By on January 10, 2011

Did you know that there is rogue SUV production? Not to worry, it will be brought under control: Nissan will move production of its Rogue crossover from Kyushu, Japan, where it is built now, to Smyrna, Tennessee in 2013, Nissan’s America chief Carlos Tavares told The Nikkei [sub] today.

The move will bring more than 100,000 units to the U.S., and probably more jobs to Tennessee. “One of the biggest challenge is the strength of the Japanese yen and the impact it has on our profitability,” Tavares said. The yen is stands at 83 to the dollar, and it makes no moves of getting cheaper. At these rates, exporting from Japan is a money losing proposition.

Tavares figures that total global auto sales in 2010 by all makers were 72 million, up from 62 million in 2009. For this year Tavares expect “no less than 73 million.”

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12 Comments on “Rogue SUV Production To Be Domesticated...”

  • avatar

    Any word on how many jobs it will bring?

  • avatar

    No job numbers mentioned in the article, just unit numbers.

  • avatar

    Will there be a shift in quality when moving production to the states?  I thought I had read on TTAC that there were easily identifiable trends in quality when Benz came to the states and that it wasn’t good….

    • 0 avatar

      There shouldn’t be any difference in quality if they get it right.  Historically for transplant factories they’ve met or exceeded the quality standards established in Japanese domestic operations – otherwise, they would be hell to pay.   I don’t know about the Germans though.

  • avatar

    Despite the lamentations I regularly read regarding deflation IF the cost of living within the semi-united states fell and folks could exist at a lower wage level than the recent past could the likely twice-as-high-as-official-unemployment-rate be reduced within many industries as manufacturing jobs at least partially return inside the USA’s incredibly porous borders?
    Maybe We, the People, could obtain some semi-lucrative jobs, including building tanks, warships and various weaponry for the People’s Army and other branches that are a part of the “Red Menace.”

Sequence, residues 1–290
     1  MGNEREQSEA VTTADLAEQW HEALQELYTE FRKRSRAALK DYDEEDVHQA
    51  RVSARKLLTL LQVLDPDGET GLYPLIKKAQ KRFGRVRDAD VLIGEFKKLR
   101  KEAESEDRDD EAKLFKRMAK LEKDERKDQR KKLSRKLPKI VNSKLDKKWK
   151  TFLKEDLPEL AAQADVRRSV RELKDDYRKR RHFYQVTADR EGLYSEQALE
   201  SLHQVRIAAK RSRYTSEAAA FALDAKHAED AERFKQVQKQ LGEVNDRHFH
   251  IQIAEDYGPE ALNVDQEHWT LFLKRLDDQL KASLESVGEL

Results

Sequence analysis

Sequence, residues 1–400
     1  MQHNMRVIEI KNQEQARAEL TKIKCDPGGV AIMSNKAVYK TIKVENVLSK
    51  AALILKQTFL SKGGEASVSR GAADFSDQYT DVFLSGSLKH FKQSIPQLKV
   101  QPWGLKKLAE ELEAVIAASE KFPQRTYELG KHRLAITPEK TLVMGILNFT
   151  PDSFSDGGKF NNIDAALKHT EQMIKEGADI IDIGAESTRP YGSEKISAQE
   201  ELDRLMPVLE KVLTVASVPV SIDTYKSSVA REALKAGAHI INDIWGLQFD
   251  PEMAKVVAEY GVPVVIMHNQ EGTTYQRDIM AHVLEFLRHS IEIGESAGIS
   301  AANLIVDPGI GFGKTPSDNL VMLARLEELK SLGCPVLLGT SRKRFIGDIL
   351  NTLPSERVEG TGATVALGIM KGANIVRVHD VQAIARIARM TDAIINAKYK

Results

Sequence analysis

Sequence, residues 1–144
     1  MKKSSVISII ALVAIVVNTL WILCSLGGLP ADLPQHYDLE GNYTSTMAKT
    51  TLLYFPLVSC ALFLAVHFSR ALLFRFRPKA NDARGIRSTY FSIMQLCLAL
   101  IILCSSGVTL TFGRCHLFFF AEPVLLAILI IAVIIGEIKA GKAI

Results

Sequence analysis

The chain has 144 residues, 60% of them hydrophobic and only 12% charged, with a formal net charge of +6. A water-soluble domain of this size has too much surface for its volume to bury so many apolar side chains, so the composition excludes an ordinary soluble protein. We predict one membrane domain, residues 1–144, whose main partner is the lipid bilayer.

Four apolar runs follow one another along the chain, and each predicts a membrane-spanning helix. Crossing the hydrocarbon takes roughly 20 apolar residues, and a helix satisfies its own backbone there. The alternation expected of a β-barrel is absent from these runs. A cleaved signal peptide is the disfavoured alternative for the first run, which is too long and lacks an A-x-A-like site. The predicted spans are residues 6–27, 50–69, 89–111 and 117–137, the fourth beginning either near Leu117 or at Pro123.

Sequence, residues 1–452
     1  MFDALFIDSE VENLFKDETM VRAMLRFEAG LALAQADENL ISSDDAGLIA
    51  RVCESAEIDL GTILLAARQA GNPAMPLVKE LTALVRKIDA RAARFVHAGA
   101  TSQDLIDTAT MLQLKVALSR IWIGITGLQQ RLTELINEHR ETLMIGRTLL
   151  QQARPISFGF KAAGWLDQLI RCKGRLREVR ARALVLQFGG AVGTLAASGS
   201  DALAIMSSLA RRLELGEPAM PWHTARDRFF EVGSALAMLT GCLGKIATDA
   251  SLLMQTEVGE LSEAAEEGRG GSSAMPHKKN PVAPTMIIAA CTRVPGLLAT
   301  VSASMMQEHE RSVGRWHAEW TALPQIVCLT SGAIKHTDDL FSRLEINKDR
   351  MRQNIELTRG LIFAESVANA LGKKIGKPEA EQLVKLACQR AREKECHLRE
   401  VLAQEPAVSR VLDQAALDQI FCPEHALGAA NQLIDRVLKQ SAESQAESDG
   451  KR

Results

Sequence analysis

The growth of China’s war machine is likely inevitable so perhaps the USA needs to be friendly to/with China and capitalize upon their military growth and end up being so vital to their aims and goals that China would view an attack upon the USA as harming their own interests and concentrate upon other possible threats.
    Just pondering within the shanty thinking at the shanty-level and not at the power-projection level the ruling elite level seems to be stuck with.
    Let’s get USA citizens working.
    Around these parts there are so many mini-humans being raised in poverty with too many unmet needs.
    For too many folks, even an adequately warm winter coat is lacking… with the thrift store racks bare of coats and kidlets shivering.
    Just the Disgruntled One pondering.

  • avatar
    John Horner

    Japan is in a tough spot visa-vis manufacturing. The country has few raw materials of its own and thus must import most of them to support manufacturing. Costs are high and the currency is strong. Economically, there is little reason for Japanese companies to manufacture things in Japan for export.

    • 0 avatar

      Despite this, you can still buy cheap pens that are made in Japan.  I have a few Sanford Uni-ball pens in my desk drawer – all made in Japan.

    • 0 avatar

      Interestingly you mentioned that the strong currency as a factor AND the fact that Japan has little raw materials of its own.  Theoretically Japan’s currently strong currency would make importing imported raw materials and components cheaper — that might negate its domestically-based costs such as labor, overhead, etc.   But I would think that the overall economic equation would have to be considered.  And probably on balance, more and more of Japan’s manufacturing is being shifted to other countries. 

      The US is such a big enough market with abundant parts suppliers that it makes sense for Nissan, Toyota, Honda, and others to manufacture in North America – and they do – I think more than 80% of the volume they sell in NA are manufactured in NA. 

      For consumer electronics companies such as Sony and Panasonic, I’ll bet most of their production is already out of Japan, a large chunk of that in China.  My Panasonic microwave oven and my Canon camcorder come out of Shanghai, China. 

    • 0 avatar
      John Horner

      “Theoretically Japan’s currently strong currency would make importing imported raw materials and components cheaper… “
      That only helps if the products produced stay in Japan. If exported, it doesn’t help as any gains on the importation are lost on the exportation. More so because value has been added inside Japan. Turn $100 worth of raw steel into $1000 worth of sheet metal and you still loose.
      And yes, Japan’s consumer electronics companies have already moved the vast majority of their production for export out of Japan. Japan’s auto makers have been moving more slowly, but in the same direction.

  • avatar

    How does on say, “DEY TERK ERRRRR JOBBBS,” in Japanese?

  • avatar

    If they could just put the Juke powertrain and chassis tweaks under the Rogue they would need to build a lot of them in the good old USA.

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